While I feel that claims 3 and 4 are invalid because such claims involve a mere substitution of materials, I based my conclusions that none of the claims involved inventive genius. But to clarify my opinion to facilitate the preparation of findings, I hold claims 1 and 2 invalid because of lack of novelty and inventive genius. Claims 3 and 4 are invalid because the claims cover a mere substitution of materials. To some, claims 1 and 2 might contain the spark that changes mechanical skill into inventive genius, but to me, the method adopted by plaintiff would occur to any person skilled in the art. It seems to me that it is carrying the protection of a monopoly too far. Any advance, if any, made by the plaintiff comes clearly within Atlantic Works v. Brady, 107 U.S. 192, 2 S.Ct. 225, 27 L.Ed. 438.
In view of the admission of plaintiff found on page 100 of the reporter's transcript, I believe I would be justified in finding claims 3 and 4 invalid because they come within the definition of aggregation (Lincoln Engineering Co. v. Stewart-Warner Corp., 303 U.S. 545, 58 S.Ct. 662, 82 L.Ed. 1008), but such a finding would be mere surplusage.
Plaintiff cites Eibel Process Co. v. Minnesota Ontario Paper Co., 261 U.S. 45, at page 60, 43 S.Ct. 322 at page 327, 67 L.Ed. 523; Townsend v. Lorraine, D.C., 283 F. 806, at page 810; Carson v. American Smelting Refining Co., 9 Cir., 11 F.2d 766, 770; Carson Inv. Co. v. Anaconda Copper Mining Co., 9 Cir., 26 F.2d 651, at page 661, in support of his contention that prior knowledge or prior use to invalidate a patent must be proved beyond a reasonable doubt and oral evidence cannot be accepted as such strong proof. The correct rule under these authorities is: "Evidence to prove prior discovery must be clear and satisfactory". But using plaintiff's own yardstick, I am convinced beyond a reasonable doubt from the evidence that claims 3 and 4 are invalid because of prior use. Nor is it necessary to rely entirely upon oral testimony. Beside the oral testimony we have the "thing" referred to in Carson v. American Smelting Refining Co., 9 Cir., 11 F.2d 766, 771, in defendant's Exhibit 6 known as the Spaulding Kit, which was manufactured in 1928. The plaintiff admits that his substituted materials were used on golf clubs, to wrap around the shaft just above the whipping, as well as upon the grip. It was but the natural thing to use it as plaintiff now uses it and as set forth in his patent.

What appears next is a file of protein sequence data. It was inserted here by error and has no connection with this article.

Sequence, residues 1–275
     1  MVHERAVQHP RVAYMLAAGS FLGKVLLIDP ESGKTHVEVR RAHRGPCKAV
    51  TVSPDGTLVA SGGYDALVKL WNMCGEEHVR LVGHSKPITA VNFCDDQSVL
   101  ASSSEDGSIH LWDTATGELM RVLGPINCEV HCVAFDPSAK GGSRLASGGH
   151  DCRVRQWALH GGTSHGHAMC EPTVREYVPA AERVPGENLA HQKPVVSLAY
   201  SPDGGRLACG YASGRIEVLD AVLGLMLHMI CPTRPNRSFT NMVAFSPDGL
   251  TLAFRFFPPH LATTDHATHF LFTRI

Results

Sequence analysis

I see no reason for changing my opinion on the invalidity of the patent.
Defendant in his motion urges that the court is in error in holding the copyright valid and infringed. As stated before, this count has presented some very close questions, and I am ready to concede that my conclusions as to infringement are not free from doubt. Defendant now calls the court's attention to the case of Dorsey v. Old Surety Life Insurance Company, 10 Cir., 98 F.2d 872, also found in 119 A.L.R. 1250, and if this case is to be accepted as a precedent, defendant should prevail. However, I am of the opinion that the following cases from the Second Circuit, to wit, Deutsch et al. v. Arnold et al., 98 F.2d 686; Nutt v. National Institute, Inc., 31 F.2d 236, should control. The facts in the case at bar are similar to these two Second Circuit cases. The evidence discloses the defendant as a former employee of plaintiff and upon leaving such employ immediately set himself up in business and copied in minute details the plaintiff's method of doing business. I am satisfied defendant deliberately copied plaintiff's copyrighted chart and studiously attempted to avoid infringement by certain changes in wording. I do not feel that the court should lend him a helping hand in his endeavors to avoid infringement. See, also, Edwards Deutsch Lithographing Co. v. Boorman et al., 7 Cir., 15 F.2d 35.
The motions for resubmission are denied.
Findings shall be prepared in accordance with my former directions.